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MIGRATION - Review of RRT decision - where applicant claims to have a well-founded fear of persecution for Convention reason of political opinion - where applicant did not attend hearing - where applicant did not provide details of his political activities - where application for judicial review does not particularise how the Tribunal fell into jurisdictional error - whether Tribunal should have established why the applicant did not attend the hearing - whether Tribunal should have made additional enquires into the applicant's claims.

SZAUN v Minister for Immigration [2004] FMCA 638 (17 September 2003)

SZAUN v Minister for Immigration [2004] FMCA 638 (17 September 2003)
Last Updated: 1 November 2004

FEDERAL MAGISTRATES COURT OF AUSTRALIA

SZAUN v MINISTER FOR IMMIGRATION
[2004] FMCA 638



MIGRATION - Review of RRT decision - where applicant claims to have a well-founded fear of persecution for Convention reason of political opinion - where applicant did not attend hearing - where applicant did not provide details of his political activities - where application for judicial review does not particularise how the Tribunal fell into jurisdictional error - whether Tribunal should have established why the applicant did not attend the hearing - whether Tribunal should have made additional enquires into the applicant's claims.



Migration Act 1958 (Cth), s.426A

Federal Magistrates Court Rules 2001

WAJR v MIMIA [2004] FCA 106

Applicant S341/2003 v MIMIA [2004] FCA 168

Dranichnikov v MIMA (2003) 197 ALR 389

Abebe v Commonwealth (1999) 197 CLR 510

Applicant:
SZAUN



Respondent:


MINISTER FOR IMMIGRATION & MULTICULTURAL & INDIGENOUS AFFAIRS



File No:


SZ 1119 of 2003



Delivered on:


17 September 2003



Delivered at:


Sydney



Hearing date:


17 September 2003



Judgment of:


Raphael FM



REPRESENTATION

For the Applicant:


Applicant in Person



Counsel for the Respondent:


Mr J Smith



Solicitors for the Respondent:


Blake Dawson Waldron



CORRIGENDUM

The date of hearing of this Judgment and the date of delivery of this Judgment should read 17 September 2004.

I certify that the preceding paragraph is a true copy of the Corrigendum to the Reasons for Judgment of Raphael FM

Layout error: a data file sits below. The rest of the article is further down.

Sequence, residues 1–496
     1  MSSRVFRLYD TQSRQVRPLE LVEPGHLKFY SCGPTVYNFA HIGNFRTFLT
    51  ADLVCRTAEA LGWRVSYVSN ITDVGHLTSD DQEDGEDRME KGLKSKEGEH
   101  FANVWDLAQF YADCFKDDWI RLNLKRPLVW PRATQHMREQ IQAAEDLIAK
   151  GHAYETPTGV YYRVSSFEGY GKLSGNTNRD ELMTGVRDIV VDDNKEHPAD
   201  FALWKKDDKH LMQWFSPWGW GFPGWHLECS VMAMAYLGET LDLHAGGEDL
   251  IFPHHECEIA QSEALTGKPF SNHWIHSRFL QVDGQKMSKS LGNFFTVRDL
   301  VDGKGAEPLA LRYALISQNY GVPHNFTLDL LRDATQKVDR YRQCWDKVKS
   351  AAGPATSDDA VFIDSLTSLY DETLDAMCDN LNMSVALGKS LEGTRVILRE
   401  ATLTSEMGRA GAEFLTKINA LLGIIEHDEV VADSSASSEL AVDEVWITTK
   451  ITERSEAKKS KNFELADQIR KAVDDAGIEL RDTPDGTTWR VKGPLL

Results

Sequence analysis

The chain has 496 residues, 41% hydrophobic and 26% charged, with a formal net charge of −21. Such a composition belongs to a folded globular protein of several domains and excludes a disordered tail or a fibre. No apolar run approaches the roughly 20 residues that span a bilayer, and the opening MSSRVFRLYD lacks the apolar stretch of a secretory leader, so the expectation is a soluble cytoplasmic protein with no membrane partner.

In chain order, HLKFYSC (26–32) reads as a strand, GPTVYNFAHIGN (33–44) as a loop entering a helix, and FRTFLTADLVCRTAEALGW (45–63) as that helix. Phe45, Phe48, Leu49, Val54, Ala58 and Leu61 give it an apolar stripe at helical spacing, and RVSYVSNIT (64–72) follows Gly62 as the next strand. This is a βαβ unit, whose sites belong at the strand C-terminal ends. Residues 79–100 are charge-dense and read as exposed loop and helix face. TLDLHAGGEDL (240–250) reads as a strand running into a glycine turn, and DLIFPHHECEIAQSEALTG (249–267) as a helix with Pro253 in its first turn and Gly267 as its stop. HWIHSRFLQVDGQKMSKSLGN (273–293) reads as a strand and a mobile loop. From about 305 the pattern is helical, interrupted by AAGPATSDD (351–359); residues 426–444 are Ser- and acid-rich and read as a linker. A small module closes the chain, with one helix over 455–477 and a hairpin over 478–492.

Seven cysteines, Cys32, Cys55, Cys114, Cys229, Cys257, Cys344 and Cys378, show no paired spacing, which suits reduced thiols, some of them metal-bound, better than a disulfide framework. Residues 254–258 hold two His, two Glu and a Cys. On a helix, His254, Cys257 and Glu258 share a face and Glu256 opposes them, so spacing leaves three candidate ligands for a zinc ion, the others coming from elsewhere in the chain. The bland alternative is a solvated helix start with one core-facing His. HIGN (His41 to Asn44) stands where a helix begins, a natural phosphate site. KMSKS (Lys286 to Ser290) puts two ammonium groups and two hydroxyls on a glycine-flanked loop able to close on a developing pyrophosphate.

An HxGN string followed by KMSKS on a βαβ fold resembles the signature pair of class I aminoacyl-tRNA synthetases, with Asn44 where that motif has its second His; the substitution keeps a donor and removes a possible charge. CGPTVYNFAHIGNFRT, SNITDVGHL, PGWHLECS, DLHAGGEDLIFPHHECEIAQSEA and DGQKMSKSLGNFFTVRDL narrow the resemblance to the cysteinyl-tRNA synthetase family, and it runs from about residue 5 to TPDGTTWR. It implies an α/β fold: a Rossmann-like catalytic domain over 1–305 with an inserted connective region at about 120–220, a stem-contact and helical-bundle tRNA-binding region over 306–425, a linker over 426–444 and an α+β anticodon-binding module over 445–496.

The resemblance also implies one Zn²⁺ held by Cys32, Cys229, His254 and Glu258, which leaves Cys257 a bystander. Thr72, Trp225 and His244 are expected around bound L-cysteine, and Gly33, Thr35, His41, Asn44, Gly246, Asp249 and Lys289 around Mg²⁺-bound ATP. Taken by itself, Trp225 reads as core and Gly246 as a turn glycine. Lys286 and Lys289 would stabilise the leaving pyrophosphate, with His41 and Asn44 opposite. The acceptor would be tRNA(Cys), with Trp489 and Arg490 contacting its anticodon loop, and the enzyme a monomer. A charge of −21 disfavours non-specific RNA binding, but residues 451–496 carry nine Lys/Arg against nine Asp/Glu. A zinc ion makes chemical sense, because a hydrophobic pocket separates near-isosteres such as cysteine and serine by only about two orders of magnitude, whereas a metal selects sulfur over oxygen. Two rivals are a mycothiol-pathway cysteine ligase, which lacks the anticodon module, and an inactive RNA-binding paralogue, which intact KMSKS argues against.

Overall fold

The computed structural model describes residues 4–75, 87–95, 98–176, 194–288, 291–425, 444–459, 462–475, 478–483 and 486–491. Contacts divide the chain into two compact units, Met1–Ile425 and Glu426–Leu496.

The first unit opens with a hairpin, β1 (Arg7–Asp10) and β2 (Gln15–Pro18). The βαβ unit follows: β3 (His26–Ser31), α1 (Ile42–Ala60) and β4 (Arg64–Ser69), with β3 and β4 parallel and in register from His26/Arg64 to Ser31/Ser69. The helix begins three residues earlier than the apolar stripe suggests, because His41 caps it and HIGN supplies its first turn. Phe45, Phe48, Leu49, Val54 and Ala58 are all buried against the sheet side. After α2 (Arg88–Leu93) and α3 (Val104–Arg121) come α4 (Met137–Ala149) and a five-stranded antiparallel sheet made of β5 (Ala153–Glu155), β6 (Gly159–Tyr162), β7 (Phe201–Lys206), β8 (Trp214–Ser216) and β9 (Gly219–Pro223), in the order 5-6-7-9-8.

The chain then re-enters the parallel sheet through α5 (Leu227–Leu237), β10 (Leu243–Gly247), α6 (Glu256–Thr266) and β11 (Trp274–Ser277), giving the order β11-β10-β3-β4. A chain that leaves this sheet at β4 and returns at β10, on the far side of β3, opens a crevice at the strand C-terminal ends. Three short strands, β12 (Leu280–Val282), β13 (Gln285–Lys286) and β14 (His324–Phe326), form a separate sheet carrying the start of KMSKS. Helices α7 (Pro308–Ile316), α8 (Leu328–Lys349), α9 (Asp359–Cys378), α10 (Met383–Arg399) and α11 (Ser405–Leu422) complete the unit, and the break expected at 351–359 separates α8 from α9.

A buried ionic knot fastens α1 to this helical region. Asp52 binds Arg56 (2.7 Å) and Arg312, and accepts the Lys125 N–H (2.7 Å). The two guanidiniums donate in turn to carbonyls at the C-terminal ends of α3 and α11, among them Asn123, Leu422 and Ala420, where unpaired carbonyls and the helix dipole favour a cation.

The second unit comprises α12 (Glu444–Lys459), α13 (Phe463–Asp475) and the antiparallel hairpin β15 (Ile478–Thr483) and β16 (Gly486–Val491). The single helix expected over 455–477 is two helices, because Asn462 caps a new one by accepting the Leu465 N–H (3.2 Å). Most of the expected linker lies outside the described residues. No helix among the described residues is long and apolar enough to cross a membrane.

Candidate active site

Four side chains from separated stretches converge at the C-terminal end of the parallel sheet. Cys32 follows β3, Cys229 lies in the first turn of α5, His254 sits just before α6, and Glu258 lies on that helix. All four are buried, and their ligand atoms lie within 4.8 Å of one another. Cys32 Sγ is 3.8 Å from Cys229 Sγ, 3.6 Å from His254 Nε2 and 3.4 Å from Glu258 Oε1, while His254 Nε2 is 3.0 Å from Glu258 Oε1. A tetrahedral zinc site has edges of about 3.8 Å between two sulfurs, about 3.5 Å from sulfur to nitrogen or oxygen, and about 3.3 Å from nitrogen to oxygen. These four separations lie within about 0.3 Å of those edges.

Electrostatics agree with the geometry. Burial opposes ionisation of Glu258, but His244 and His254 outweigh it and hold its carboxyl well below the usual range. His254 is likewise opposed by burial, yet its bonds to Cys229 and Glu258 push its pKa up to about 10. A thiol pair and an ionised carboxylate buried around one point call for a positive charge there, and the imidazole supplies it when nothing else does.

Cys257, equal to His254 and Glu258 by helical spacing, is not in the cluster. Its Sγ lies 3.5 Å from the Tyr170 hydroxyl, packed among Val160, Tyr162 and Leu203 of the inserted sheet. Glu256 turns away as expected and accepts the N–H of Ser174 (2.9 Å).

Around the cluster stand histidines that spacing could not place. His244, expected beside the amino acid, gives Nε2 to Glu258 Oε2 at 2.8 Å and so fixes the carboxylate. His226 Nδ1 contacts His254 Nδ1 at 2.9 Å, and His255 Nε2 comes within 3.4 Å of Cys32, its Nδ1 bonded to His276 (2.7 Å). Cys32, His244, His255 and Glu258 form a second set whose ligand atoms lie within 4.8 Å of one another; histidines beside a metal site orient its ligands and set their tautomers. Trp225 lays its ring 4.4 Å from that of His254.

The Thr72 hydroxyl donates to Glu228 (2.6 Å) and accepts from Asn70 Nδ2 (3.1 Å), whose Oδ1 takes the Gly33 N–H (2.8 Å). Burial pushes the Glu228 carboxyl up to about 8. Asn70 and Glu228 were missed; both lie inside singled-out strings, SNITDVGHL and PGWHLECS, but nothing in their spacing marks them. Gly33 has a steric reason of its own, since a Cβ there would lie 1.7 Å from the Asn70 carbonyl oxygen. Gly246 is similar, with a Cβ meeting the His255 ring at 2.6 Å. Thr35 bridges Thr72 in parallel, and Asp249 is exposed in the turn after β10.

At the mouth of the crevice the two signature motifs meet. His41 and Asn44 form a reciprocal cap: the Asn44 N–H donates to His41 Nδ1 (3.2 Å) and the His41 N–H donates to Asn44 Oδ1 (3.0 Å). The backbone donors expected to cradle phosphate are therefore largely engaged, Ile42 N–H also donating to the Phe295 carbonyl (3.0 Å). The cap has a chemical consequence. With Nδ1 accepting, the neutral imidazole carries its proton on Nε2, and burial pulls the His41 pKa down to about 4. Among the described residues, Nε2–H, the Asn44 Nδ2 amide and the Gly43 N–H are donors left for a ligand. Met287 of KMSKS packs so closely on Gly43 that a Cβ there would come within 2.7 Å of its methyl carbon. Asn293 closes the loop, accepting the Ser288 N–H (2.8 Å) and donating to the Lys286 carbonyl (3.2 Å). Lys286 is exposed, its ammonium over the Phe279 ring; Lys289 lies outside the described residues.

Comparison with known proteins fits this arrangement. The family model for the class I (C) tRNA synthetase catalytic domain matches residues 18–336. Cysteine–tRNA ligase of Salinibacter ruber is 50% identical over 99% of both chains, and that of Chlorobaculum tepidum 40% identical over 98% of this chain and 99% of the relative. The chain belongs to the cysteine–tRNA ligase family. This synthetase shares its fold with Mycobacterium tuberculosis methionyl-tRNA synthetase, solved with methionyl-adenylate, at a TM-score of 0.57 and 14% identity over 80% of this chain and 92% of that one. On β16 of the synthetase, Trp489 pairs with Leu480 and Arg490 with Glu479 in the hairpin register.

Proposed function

Associate:

Date: 25 October 2004

ORDERS

(1) Application dismissed.

(2) Applicant to pay the respondent's costs assessed in the sum of $3,750 pursuant to Part 21 Rule 21.02(2)(a) of the Federal Magistrates Court Rules.

FEDERAL MAGISTRATES

COURT OF AUSTRALIA AT

SYDNEY


SZ 1119 of 2003

SZAUN


Applicant

And

MINISTER FOR IMIGRATION & MULTICULTURAL & INDIGENOUS AFFAIRS




Respondent


REASONS FOR JUDGMENT

1. The applicant is a citizen of the Ukraine. He arrived in Australia on

22 November 2000. On 2 December 2000 he lodged an application for a protection (class XA) visa with the Department of Immigration and Multicultural and Indigenous Affairs. On 27 August 2002 a delegate of the Minister refused to grant a protection visa and on 24 September 2002 the applicant applied for review of that decision.

2. It is well to observe that the procedures that were gone through by the delegate were more thorough than one often sees in cases of this nature. In particular, a detailed letter was sent to the applicant [CB 37] - [CB 38] requesting further information from him and putting to him problems that he might face in satisfying the delegate.

3. The applicant had employed a migration agent, who responded to the letter from the delegate [CB 39] - [CB 40]. Importantly, the delegate asked for some corroborating material of the applicant's claim that he was a member of the Ukrainian Communist Party and had suffered as a result to the extent that he believed he was being persecuted for his political opinion. The response from the migration agent was not particularly fulsome in its detail nor did it provide any additional documentation.

4. When the matter came before the Refugee Review Tribunal for consideration, the Tribunal wrote to the applicant the standard letter informing him that it could not come to a favourable decision on the documents alone and offered him the opportunity to attend a hearing. That opportunity was at first refused then accepted, but the applicant did not appear. The Tribunal proceeded, as it was entitled to do, under s.426A of the Migration Act 1958.

5. There was really only one ground upon which the Tribunal rejected the applicant's claim and that was stated at [CB 72]: